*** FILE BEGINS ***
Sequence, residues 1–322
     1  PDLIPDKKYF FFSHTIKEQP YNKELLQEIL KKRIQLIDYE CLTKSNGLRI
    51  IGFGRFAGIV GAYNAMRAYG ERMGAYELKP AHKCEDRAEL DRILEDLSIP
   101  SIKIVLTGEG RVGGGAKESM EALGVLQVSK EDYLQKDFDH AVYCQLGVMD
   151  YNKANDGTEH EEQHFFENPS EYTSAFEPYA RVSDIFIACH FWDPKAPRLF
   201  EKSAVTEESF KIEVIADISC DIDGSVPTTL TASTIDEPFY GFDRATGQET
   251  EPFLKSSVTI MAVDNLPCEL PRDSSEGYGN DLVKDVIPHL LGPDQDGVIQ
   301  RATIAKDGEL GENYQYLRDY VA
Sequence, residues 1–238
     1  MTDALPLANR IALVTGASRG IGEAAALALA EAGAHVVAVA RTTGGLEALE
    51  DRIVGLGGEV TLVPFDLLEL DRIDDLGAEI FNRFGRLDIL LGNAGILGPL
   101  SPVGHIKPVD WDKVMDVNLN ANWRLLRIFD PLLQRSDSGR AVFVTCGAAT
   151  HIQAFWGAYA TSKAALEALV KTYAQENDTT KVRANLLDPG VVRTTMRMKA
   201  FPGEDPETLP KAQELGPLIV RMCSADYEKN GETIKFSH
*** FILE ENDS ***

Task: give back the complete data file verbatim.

Sequence, residues 1–322
     1  PDLIPDKKYF FFSHTIKEQP YNKELLQEIL KKRIQLIDYE CLTKSNGLRI
    51  IGFGRFAGIV GAYNAMRAYG ERMGAYELKP AHKCEDRAEL DRILEDLSIP
   101  SIKIVLTGEG RVGGGAKESM EALGVLQVSK EDYLQKDFDH AVYCQLGVMD
   151  YNKANDGTEH EEQHFFENPS EYTSAFEPYA RVSDIFIACH FWDPKAPRLF
   201  EKSAVTEESF KIEVIADISC DIDGSVPTTL TASTIDEPFY GFDRATGQET
   251  EPFLKSSVTI MAVDNLPCEL PRDSSEGYGN DLVKDVIPHL LGPDQDGVIQ
   301  RATIAKDGEL GENYQYLRDY VA
Sequence, residues 1–238
     1  MTDALPLANR IALVTGASRG IGEAAALALA EAGAHVVAVA RTTGGLEALE
    51  DRIVGLGGEV TLVPFDLLEL DRIDDLGAEI FNRFGRLDIL LGNAGILGPL
   101  SPVGHIKPVD WDKVMDVNLN ANWRLLRIFD PLLQRSDSGR AVFVTCGAAT
   151  HIQAFWGAYA TSKAALEALV KTYAQENDTT KVRANLLDPG VVRTTMRMKA
   201  FPGEDPETLP KAQELGPLIV RMCSADYEKN GETIKFSH